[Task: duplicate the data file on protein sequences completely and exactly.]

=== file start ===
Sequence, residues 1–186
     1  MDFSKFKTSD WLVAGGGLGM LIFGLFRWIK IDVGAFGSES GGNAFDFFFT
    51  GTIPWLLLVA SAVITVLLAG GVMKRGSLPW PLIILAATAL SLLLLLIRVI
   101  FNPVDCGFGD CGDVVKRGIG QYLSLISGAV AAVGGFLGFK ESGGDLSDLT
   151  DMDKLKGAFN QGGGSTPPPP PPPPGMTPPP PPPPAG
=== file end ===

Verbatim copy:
Sequence, residues 1–186
     1  MDFSKFKTSD WLVAGGGLGM LIFGLFRWIK IDVGAFGSES GGNAFDFFFT
    51  GTIPWLLLVA SAVITVLLAG GVMKRGSLPW PLIILAATAL SLLLLLIRVI
   101  FNPVDCGFGD CGDVVKRGIG QYLSLISGAV AAVGGFLGFK ESGGDLSDLT
   151  DMDKLKGAFN QGGGSTPPPP PPPPGMTPPP PPPPAG